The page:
“We don’t know why we do all these things… We don’t know how it all started.”
Two orphans (Kim Richards and Ike Eisenmann) with psychic powers and vague memories of surviving a watery crash are discovered by a man (Donald Pleasance) working for a greedy tycoon (Ray Milland) eager to exploit the kids’ powers to earn more money. When the siblings learn they’re trapped in Milland’s house, they engineer an escape to a mysterious place shown on the top of Richards’ special box, relying on help from a curmudgeonly trucker (Eddie Albert).
Genres, Themes, Actors, and Directors:
- Donald Pleasance Films
- Eddie Albert Films
- Psychic Powers
- Ray Milland Films
This live-action Disney filmed received a not-so-resounding review from Vincent Canby of the New York Times, who noted that “Escape to Witch Mountain is a Walt Disney production for children who will watch absolutely anything that moves.” Forty-three years later, the film doesn’t really hold up well as sci-fi/fantasy (the Harry Potter franchise has outdone it by a long stretch), but it possesses a charm that’s of-its-era — and it’s easy to see why it appealed to young audiences at the time. Richards and Eisenmann are plucky, resourceful, insightful kids who find ways to survive in a world with questionably motivated adults around every corner. Richards’ flashbacks to an event she can’t quite piece together but knows has something to do with their origins are nicely interspersed throughout the screenplay, with images literally gaining more clarity as more is revealed. None of this is to say that Escape to Witch Mountain will hold much interest to adults; it likely won’t. But it’s reasonably effectively made (for its time), and film fanatics may enjoy seeing Albert in a critical role as the kids’ eventual accomplice.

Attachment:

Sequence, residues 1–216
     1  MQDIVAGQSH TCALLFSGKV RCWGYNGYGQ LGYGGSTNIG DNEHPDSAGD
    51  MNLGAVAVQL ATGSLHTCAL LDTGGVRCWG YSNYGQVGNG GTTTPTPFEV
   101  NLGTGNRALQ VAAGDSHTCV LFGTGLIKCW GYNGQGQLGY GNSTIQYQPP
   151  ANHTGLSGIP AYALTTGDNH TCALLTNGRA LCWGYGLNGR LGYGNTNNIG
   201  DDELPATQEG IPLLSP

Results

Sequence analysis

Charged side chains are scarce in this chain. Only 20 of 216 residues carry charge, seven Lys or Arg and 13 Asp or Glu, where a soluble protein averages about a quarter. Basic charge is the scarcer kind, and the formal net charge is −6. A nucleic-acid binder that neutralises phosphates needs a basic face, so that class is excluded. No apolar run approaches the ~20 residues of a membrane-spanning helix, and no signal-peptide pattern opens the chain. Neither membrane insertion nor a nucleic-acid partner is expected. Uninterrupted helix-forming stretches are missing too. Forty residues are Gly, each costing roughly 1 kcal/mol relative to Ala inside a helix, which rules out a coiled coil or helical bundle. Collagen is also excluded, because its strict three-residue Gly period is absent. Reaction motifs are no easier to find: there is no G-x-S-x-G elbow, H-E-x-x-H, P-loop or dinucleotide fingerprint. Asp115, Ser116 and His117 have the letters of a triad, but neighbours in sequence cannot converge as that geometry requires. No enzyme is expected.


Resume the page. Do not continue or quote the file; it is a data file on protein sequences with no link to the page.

Redeeming Qualities and Moments:
- Some effective direction and cinematography
- An appropriately eerie score
No; feel free to skip this one unless it brings you fond memories.